Recently, a lot of attention has been directed at just how devastating sugar can be for our health and wellbeing, and more people have started paying attention to how much sugar they are allowing in their own diets. Following weight loss surgery, many people make the choice to avoid sugar entirely to make sure they are maximizing their intake of healthier nutrients.
If you want to lose weight and improve your health, then cutting out sugar makes sense. Here are a few troubling facts that make reducing sugar consumption in the American diet so important:
- According to a statement from the American Heart Association, high sugar intake is linked to increased risk of high blood pressure, type 2 diabetes, obesity and other factors that increase the risk of heart disease and stroke. The few available studies that attempt to discredit the link between sugary beverage consumption and health consequences have been primarily funded by the beverage industry.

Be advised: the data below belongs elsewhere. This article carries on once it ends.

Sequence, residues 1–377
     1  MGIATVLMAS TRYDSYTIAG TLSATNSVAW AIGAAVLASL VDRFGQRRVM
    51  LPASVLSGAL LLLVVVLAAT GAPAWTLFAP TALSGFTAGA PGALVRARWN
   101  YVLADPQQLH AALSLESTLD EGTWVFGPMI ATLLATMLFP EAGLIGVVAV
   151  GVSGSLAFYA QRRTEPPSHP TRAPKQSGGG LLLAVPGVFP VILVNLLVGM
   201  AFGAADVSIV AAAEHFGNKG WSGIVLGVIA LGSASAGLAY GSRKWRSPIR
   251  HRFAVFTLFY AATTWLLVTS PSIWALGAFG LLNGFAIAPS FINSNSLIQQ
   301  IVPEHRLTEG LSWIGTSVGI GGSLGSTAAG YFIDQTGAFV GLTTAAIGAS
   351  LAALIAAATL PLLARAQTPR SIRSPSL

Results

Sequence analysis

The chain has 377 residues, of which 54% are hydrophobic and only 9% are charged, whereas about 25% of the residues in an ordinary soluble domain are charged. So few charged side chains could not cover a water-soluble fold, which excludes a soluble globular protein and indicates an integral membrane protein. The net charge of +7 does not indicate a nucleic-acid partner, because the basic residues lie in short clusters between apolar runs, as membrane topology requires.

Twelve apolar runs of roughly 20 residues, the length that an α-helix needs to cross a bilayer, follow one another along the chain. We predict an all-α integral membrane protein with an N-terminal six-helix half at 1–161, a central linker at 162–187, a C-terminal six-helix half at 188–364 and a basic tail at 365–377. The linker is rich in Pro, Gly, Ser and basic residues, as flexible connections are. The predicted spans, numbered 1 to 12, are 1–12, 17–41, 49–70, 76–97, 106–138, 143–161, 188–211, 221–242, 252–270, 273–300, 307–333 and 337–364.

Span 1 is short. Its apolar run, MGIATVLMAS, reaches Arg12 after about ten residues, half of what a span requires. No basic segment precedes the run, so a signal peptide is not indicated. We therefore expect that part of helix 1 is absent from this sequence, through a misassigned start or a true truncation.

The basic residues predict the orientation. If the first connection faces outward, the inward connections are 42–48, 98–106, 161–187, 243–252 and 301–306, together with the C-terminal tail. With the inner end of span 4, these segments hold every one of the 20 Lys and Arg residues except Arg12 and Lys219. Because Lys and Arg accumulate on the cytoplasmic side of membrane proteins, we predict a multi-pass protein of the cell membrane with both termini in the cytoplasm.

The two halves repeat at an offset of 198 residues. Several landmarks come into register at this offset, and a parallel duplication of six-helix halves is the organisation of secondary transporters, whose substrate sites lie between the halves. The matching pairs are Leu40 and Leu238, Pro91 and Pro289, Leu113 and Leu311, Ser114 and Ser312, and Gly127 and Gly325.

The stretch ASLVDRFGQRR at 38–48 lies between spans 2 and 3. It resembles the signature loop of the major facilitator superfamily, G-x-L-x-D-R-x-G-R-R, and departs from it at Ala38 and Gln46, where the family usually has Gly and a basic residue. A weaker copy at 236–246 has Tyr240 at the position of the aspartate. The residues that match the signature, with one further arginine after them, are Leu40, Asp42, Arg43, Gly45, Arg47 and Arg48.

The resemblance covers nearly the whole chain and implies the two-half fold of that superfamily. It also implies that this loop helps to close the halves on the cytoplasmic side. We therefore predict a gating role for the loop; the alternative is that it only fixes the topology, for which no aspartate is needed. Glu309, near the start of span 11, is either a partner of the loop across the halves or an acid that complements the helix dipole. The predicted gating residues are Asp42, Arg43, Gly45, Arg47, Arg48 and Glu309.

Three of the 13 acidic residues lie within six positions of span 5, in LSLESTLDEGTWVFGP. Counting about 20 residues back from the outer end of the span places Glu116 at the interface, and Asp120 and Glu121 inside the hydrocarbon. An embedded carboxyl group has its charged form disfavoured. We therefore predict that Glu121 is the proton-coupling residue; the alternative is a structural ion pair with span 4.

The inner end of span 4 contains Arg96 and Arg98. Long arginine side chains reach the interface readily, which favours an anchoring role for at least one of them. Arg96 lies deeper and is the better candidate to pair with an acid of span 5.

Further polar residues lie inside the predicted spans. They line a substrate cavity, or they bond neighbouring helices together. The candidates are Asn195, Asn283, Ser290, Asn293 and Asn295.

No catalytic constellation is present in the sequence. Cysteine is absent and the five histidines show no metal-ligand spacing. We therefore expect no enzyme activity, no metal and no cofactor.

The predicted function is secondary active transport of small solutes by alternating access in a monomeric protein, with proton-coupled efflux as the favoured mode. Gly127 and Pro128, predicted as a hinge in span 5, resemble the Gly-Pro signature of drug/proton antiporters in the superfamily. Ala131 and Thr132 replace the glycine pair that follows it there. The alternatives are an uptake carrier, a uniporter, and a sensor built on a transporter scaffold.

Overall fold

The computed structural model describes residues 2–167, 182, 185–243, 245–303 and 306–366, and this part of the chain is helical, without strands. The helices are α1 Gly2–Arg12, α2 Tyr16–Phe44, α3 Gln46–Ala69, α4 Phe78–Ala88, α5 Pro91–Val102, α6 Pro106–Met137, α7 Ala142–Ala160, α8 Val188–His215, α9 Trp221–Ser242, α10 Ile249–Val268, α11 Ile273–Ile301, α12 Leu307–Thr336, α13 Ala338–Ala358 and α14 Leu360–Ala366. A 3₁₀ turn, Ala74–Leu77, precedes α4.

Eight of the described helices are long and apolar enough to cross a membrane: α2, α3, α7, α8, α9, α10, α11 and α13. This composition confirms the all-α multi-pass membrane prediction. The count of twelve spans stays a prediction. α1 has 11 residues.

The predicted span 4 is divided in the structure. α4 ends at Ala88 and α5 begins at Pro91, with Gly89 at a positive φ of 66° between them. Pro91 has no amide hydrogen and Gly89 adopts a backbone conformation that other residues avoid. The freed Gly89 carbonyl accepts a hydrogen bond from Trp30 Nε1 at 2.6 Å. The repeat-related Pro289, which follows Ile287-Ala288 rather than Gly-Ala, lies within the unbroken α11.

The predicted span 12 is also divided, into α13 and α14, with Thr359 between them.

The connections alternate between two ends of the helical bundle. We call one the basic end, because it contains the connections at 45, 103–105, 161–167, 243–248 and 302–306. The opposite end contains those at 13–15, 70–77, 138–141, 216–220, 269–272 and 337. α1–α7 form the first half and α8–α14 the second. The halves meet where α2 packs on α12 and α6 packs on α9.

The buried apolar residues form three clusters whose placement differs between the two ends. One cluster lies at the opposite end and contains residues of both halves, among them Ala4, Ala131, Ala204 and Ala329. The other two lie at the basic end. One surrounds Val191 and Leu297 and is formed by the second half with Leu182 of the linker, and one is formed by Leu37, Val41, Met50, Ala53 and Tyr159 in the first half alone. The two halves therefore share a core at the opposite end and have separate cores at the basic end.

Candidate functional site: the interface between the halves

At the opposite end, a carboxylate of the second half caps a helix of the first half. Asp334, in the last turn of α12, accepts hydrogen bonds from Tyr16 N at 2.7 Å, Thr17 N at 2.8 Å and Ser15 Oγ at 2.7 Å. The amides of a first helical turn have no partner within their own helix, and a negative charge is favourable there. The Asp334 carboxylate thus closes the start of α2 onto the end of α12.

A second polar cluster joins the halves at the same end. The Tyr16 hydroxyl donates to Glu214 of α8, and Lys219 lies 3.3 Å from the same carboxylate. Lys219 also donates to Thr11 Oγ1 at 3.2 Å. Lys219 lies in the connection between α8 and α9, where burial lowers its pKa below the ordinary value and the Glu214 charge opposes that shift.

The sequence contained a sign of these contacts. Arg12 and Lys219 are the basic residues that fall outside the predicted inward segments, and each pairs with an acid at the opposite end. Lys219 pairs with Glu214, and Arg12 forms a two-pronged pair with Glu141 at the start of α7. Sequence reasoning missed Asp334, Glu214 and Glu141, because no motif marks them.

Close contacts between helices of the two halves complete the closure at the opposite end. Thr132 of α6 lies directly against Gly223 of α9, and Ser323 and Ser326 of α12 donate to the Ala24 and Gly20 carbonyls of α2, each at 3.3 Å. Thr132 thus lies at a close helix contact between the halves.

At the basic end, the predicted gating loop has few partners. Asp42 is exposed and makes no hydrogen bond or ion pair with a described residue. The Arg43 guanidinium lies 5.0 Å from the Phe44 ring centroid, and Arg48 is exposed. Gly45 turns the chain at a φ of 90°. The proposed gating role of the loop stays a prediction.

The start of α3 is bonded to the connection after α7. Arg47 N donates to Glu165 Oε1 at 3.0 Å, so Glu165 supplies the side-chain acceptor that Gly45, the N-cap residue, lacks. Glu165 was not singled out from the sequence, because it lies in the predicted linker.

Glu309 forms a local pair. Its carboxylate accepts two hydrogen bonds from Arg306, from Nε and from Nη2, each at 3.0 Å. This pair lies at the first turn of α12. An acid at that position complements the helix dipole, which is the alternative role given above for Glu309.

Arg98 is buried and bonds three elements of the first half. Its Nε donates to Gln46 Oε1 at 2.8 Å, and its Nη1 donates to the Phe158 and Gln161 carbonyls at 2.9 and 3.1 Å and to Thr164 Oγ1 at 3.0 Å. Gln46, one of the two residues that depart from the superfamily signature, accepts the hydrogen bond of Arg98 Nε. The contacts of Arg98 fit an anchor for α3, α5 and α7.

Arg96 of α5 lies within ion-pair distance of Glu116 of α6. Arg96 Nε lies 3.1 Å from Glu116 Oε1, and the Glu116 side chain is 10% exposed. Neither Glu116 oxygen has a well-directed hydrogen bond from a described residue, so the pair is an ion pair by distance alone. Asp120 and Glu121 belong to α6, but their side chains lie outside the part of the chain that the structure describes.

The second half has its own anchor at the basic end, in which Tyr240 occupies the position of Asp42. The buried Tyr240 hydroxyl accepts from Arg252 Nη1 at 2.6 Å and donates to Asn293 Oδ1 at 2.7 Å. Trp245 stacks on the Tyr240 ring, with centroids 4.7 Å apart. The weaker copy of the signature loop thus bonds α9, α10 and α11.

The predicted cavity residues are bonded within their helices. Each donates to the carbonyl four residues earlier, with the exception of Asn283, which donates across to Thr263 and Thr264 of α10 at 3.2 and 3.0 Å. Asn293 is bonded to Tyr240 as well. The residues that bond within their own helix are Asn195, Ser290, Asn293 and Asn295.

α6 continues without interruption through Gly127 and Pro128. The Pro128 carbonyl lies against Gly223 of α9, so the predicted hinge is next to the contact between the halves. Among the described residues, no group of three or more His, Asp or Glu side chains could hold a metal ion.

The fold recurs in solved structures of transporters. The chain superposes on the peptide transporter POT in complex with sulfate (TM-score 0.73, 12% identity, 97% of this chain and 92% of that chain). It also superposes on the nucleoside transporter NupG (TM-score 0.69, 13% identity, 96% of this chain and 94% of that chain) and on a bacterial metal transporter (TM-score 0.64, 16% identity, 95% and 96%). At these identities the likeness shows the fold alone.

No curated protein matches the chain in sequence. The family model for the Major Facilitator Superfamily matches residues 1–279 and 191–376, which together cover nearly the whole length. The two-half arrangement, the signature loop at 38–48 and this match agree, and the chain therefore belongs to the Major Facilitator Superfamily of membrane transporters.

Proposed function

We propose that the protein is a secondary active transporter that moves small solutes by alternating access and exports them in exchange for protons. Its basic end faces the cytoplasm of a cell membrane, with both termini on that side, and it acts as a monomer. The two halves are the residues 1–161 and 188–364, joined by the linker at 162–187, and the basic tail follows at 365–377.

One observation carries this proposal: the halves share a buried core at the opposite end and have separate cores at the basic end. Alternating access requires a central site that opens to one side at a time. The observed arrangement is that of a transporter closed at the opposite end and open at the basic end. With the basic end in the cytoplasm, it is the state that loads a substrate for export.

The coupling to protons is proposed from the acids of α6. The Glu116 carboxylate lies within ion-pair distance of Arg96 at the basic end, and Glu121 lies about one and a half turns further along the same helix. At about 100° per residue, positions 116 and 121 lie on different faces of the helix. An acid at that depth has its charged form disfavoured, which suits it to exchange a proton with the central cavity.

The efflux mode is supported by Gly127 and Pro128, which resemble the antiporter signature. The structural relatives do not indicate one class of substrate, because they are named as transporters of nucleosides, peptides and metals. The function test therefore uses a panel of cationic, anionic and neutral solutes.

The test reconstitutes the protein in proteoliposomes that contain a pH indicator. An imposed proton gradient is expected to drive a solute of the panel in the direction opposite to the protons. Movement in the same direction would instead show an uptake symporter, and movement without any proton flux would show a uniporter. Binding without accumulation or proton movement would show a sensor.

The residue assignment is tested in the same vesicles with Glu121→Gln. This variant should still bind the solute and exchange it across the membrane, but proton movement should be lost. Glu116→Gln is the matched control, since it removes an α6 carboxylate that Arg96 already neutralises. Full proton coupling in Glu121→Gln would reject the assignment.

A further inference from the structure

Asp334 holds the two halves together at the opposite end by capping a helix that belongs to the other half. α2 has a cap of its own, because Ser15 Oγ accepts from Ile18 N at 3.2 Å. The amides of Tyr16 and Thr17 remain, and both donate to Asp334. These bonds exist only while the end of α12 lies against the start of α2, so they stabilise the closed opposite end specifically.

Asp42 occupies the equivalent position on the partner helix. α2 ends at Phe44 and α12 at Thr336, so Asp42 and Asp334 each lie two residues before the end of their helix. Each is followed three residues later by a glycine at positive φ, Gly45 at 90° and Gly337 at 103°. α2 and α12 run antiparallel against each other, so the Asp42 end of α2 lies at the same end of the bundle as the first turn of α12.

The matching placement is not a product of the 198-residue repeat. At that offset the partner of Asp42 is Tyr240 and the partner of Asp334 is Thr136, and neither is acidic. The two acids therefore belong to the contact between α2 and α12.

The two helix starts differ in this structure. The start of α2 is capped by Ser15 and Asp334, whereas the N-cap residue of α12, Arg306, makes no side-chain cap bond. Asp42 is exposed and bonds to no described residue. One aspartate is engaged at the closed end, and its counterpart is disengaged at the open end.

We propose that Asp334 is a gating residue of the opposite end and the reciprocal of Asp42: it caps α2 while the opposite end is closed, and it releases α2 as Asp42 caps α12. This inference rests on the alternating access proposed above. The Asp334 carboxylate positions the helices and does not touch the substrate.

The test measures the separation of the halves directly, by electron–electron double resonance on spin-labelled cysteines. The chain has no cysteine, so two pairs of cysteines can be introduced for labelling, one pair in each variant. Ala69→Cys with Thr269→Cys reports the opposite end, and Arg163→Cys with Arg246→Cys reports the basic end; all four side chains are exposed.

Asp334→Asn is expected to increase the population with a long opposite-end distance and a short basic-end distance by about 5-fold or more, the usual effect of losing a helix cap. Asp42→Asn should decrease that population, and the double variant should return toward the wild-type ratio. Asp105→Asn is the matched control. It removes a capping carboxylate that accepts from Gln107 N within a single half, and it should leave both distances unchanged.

- The average American adult consumes about 22 teaspoons of sugar every day, which amounts to about 355 calories that are completely devoid of nutritional value. Though this comes from the usual suspects like table syrup and honey, the prevalence of food and drink processed with high fructose corn syrup has also been a major contributor.
- According to the USDA’s Economic Research service, average daily calorie intake has increased by about 425 since 1970, with between 16 and 17 percent of calories coming from added sugar. Though sugar consumption has gone down 40 percent since the 70’s, increased consumption of high fructose corn syrup has more than made up for the reduction.
- Weight gain caused by sugar consumption can lead to increased accumulation of fat in the liver, which lowers your body’s ability to control blood sugar and forces your liver and pancreas to work harder. High amounts of fructose in the liver (which come from sugar and high fructose corn syrup) can cause complex biochemical reactions that lead to serious health concerns.
Though companies and advocacy groups with a vested interest in reducing the demonization of sugar make attempts to convince Americans of its minimal impact, the research is straightforward.
Recent studies showed a direct link between excessive intake of sugary food items and high blood pressure, while further study revealed that a reduction of that consumption resulted in a reduction of blood pressure. New studies are released that consistently reinforce the idea that the levels at which we consume sugar make the stuff toxic.